It's a case of lots done, more to do at Roma. Since taking charge last year, president James Pallotta has steadied the course of the American project in the Italian capital, and though the Lupi have failed to keep pace with Juventus in the championship this season, the signs for long-term success are encouraging.
The fact that there's a sense of deflation around Roma's inability to challenge Juventus for the league this term is a classic example of how fickle—and unrealistic—football fans and commentators can be.
After a disastrous season in 2012-13, Roma looked like a shambles, albeit one that had already cost quite a lot of money to assemble. There was clearly potential in the squad, but Luis Enrique, Zdenek Zeman and Aurelio Andreazzoli failed to unlock it. The Giallorossi had an aimless air to them, and it was difficult to see them challenging at home or abroad in the short to medium term.
Fast forward a few months, and they were on a record-setting unbeaten run in the league, scoring for fun and hardly ever conceding. The transformation was incredible, in the truest sense of the word. Had you told most fans in the Curva Sud that their side would be sitting comfortably in second come February, with a return to the Champions League in their sights, they'd have looked at you a little skeptically. Some might even have laughed. And yet, there they are.
Now it's time for them to make the final step up and become what they've always had the potential to be: one of Europe's top clubs.
The Giallorossi have long had the latent, untapped ability to achieve more than they've managed, on and off the field. They've only won three titles in their history, but a look at the number of times they've finished runner-up paints a more accurate picture of their stature in the Italian game. It was always harder for teams from central and southern Italy to succeed in Serie A, but Roma have usually managed to keep within touching distance of the big Milan teams and Juventus.
Support for the club runs deep in the city and beyond, and given Rome's enviable position as one of the world's great tourist destinations, it's a mystery as to why that huge market of visitors has as of yet not been targeted properly. Clubs like Arsenal and Manchester United in England have shown how valuable visiting fans can be, and there's no reason why the club can't attract more foreign fans to the games and create a new, lucrative revenue stream.
The lack of their own stadium is the only obstacle to that goal. There have been plans for an English-style, Roma-owned venue since the days of Rosella Sensi, but although the current American owners have committed themselves to the project, there still hasn't been any ground broken. The sooner that changes, the better.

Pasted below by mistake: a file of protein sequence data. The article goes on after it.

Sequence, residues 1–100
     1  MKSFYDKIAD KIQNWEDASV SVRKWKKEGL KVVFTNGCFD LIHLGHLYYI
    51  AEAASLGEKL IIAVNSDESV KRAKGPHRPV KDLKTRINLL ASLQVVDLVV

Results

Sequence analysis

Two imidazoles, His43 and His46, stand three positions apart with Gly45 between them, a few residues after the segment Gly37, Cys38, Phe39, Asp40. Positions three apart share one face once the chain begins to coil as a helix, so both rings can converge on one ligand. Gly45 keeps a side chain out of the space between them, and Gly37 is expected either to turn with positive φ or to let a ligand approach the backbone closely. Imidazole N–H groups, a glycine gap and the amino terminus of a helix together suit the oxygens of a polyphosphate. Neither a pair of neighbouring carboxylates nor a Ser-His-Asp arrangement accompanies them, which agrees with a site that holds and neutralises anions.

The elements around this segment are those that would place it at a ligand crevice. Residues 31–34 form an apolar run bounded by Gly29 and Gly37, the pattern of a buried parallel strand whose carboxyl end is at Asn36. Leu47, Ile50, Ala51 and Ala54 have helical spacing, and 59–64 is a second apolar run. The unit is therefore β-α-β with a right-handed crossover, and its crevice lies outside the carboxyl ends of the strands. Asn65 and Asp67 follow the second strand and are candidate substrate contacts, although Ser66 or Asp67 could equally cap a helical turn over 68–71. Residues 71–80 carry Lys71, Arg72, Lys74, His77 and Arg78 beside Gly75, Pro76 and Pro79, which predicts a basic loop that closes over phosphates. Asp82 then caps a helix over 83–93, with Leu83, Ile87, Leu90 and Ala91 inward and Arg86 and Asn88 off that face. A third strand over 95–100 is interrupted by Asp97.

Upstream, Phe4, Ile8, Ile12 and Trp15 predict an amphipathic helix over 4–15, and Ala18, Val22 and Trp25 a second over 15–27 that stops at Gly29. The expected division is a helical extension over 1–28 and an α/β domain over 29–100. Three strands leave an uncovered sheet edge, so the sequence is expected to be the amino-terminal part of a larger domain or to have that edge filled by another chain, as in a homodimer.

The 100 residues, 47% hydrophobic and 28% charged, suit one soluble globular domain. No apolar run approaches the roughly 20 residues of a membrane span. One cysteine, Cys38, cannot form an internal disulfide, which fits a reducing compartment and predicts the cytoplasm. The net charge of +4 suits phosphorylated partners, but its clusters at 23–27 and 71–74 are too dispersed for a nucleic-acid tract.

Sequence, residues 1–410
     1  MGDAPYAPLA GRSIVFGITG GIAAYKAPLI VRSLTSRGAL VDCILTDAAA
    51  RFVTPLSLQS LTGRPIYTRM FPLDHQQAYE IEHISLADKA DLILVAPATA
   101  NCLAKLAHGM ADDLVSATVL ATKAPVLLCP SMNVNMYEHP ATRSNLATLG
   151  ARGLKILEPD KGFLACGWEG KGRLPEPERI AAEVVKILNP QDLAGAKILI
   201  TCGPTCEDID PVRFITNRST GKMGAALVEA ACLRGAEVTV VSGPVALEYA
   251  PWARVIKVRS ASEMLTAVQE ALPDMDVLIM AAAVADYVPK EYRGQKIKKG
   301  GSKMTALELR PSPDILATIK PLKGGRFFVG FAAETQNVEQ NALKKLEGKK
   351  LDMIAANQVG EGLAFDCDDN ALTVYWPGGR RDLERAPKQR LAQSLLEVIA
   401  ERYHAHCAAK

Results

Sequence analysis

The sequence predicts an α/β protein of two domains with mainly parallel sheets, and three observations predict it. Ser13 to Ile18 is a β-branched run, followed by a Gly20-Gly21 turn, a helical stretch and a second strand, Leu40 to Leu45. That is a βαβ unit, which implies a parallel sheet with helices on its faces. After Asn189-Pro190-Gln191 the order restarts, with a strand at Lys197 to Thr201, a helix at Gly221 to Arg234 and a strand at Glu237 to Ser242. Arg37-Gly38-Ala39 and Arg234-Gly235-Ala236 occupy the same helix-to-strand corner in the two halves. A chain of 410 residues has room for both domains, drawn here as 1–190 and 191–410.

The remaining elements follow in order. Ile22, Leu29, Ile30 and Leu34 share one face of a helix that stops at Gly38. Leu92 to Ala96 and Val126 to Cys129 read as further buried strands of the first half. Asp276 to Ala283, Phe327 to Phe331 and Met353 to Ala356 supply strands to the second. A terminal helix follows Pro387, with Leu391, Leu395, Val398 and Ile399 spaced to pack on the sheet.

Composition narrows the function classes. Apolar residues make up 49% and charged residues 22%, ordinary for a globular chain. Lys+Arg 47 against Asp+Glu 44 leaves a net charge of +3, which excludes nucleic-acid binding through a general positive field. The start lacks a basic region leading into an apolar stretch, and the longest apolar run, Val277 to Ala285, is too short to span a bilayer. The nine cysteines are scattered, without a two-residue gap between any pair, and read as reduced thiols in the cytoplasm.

Juventus' new stadium is rightly the envy of Italy, and it gives the Bianconeri a considerable commercial advantage over their rivals. On top of making match days much more attractive propositions, owning the ground means that the club wouldn't have to pay rent to the local commune, or in the case of Roma, the Italian Olympic Committee, CONI. The cost of renting the Olimpico from CONI has long been a bone of contention in the capital, both for Roma and Lazio, and in the past the Aquile have threatened to register in Florence, and play in the Stadio Artemio Franchi instead.
On the pitch, it's more a case of refining what is already an excellent squad. A few important additions over the summer would give Rudi Garcia a squad capable of winning the league and reaching the latter stages of the Champions League, as the Frenchman now only lacks depth.
As far as starting XIs go, there's not much different between Roma and a side like Juventus. The defensive partnership of Mehdi Benatia and Leandro Castan has been one of the most impressive and consistent on the continent this season, and Daniele De Rossi, Kevin Strootman, Miralem Pjanic and the recently-arrived Radja Nainggolan would make it into almost any top midfield.
Gervinho's renaissance at the hands of his old coach from his Lille days has made him a constant goal threat, and Francesco Totti continues to defy critics and his age by consistently performing like few others can. There's also an exciting core of youth at the club, and players like Mattia Destro and Adem Ljajic can only improve.
The difference between the Giallorossi and a scudetto-winning side is only clear when changes must be made. Their stretch of consecutive wins came to a halt thanks to a couple of injuries, and the recent Coppa Italia loss to Napoli showed a frailty that is a concern, that is to say, there's still no plan B.
If one or two of Roma's key players are injured or playing poorly, the whole unit grinds to a halt. Bringing in a couple of world-class players in the summer would change that and give the manager more options and the depth he'll need to deal with a domestic and a continental campaign.
After that, Roma just need to stick to the plan—it's obviously working—and hold on to their best players. Last term they lost Marquinhos and Erik Lamela to big bids from abroad, and in both cases, the sales were perhaps justified. But they can't do business like that every year if they want to contend, because the game's biggest teams don't sell their best players.
Pjanic, Gervinho, Strootman and at least one of the defenders will likely be the subject of a lot of transfer speculation come the end of the season. The club needs to stand firm and tell the would-be suitors to look elsewhere. Because as much as becoming a big team and overtaking Juventus is about planning and considered investment, it's also about attitude. Roma need to act like a top club to become one.